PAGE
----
Sci. Signal., 29 July 2008
Immunology Finding a Target or Settling Down with One
Elizabeth M. Adler
Science Signaling, AAAS, Washington, DC 20005, USA
Natural killer (NK) cells navigate to transformed or virus-infected cells and bind to them through integrins and NK receptors to form a "lytic synapse." Both navigation and formation of the lytic synapse depend on the actin cytoskeleton, leading Butler et al. to investigate the role of HS1 (a homolog of the actin-binding protein cortactin) in NK cell-mediated cell cytolysis. When NK cells (or a leukemia-derived NK cell line) were exposed to target cells, or beads coated with the β2 integrin LFA-1 ligand ICAM-1 and the NK receptor ligand ULBP, HS1 localized to the contact site and became tyrosine phosphorylated. Moreover, HS1 knockdown with short hairpin RNA decreased cytolysis of target cells. Experiments in which HS1 was knocked down and cells were transfected with HS1 mutants in which one or both of two tyrosine residues were substituted with phenylalanine (Y378F, Y397F, and Y378FY397F) implicated HS1 phosphorylation in NK cell cytolytic activity and revealed distinct roles for phosphorylation of these two residues. Adhesion to ICAM-1 stimulated HS1 phosphorylation on Tyr397; further, Tyr397 was required for cell adhesion to ICAM-1. Tyr397 was required for chemokine-dependent conversion--through "inside-out" signaling--of LFA-1 to a high-affinity state and for signals downstream of LFA-1 involved in recruitment of actin, LFA-1, the actin regulator WASp, and the guanine nucleotide exchange factor Vav1 to the lytic synapse. Although HS1 Tyr397 was not required for recruitment of the adaptor DAP10 to the NKG2D receptor, it was implicated in downstream signaling. In contrast, phosphorylation of HS1 Tyr378 was required for chemotaxis. Thus, HS1 appears to be critical to NK cell chemotaxis, formation of the lytic synapse, and cytolysis, with distinct functions depending on phosphorylation of Tyr397 and Tyr378. Beemiller and Krummel provide thoughtful commentary, noting that HS1 may act as a switch to enable NK cells to convert from a migratory mode to one in which they form a stable contact with a target cell.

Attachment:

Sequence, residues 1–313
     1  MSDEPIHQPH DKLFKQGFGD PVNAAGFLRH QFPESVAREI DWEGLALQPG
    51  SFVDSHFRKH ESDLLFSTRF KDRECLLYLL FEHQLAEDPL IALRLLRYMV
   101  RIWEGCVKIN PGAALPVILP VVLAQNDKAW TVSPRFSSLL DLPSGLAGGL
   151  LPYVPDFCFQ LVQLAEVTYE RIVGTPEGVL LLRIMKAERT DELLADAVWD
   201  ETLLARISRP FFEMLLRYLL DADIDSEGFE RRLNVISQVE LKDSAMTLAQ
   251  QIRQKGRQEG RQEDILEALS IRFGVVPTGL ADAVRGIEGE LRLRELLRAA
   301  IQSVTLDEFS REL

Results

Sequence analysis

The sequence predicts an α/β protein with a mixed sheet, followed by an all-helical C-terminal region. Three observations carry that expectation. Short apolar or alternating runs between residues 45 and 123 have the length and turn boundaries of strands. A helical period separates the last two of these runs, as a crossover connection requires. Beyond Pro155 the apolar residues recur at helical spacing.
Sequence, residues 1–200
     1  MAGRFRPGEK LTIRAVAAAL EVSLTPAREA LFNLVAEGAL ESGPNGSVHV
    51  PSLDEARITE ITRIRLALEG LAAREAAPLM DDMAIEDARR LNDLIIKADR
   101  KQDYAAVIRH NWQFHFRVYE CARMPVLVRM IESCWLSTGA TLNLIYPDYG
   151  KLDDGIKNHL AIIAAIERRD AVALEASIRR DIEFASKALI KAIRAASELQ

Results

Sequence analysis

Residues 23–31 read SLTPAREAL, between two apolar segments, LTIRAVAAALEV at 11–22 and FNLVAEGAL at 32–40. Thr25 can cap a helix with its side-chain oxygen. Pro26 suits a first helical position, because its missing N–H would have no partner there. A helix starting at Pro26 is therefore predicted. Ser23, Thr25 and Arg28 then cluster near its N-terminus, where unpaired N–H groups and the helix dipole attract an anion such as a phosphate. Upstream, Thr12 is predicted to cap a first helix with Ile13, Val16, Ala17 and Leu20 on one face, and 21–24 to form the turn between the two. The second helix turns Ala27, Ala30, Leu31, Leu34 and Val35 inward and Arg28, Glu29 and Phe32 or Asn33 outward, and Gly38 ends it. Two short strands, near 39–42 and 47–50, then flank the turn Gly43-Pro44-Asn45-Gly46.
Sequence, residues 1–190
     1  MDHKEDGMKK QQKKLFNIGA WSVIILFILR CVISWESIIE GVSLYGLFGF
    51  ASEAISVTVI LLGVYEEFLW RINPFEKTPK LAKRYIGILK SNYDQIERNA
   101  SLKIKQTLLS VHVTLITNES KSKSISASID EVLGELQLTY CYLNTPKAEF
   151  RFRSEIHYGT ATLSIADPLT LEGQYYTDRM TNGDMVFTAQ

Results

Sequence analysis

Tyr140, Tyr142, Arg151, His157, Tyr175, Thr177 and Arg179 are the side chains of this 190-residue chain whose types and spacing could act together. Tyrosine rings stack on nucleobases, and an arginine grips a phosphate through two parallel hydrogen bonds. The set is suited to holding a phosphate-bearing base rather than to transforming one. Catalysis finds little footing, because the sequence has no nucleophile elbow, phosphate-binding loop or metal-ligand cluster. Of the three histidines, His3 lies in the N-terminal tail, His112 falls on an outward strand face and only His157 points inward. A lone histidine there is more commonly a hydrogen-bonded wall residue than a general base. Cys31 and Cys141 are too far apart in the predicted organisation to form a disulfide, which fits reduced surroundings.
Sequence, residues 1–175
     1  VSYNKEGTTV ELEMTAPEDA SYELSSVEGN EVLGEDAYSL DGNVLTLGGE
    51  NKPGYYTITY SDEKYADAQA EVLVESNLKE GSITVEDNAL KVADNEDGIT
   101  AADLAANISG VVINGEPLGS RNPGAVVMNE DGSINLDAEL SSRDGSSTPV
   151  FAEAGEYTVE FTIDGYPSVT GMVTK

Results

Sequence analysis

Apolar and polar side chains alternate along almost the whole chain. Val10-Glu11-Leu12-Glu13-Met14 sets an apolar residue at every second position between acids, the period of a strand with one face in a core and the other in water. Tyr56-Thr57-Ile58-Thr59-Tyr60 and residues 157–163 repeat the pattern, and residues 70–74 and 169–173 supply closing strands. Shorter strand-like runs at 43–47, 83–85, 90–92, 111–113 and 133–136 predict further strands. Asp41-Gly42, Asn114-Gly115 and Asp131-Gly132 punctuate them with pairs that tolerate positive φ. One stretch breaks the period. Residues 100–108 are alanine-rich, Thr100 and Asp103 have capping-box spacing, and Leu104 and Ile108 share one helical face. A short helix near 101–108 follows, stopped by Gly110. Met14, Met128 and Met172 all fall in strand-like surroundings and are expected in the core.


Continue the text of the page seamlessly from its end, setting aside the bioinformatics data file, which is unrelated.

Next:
B. Butler, D. H. Kastendieck, J. A. Cooper, Differently phosphorylated forms of the cortactin homolog HS1 mediate distinct functions in natural killer cells. Nat. Immunol. 9, 887-897 (2008). [PubMed]
P. Beemiller, M. F. Krummel, Distinct functions for HS1 in chemosensory versus adhesive signaling. Nat. Immunol. 9, 833-834 (2008). [PubMed]
Citation: E. M. Adler, Finding a Target or Settling Down with One. Sci. Signal. 1, ec274 (2008).
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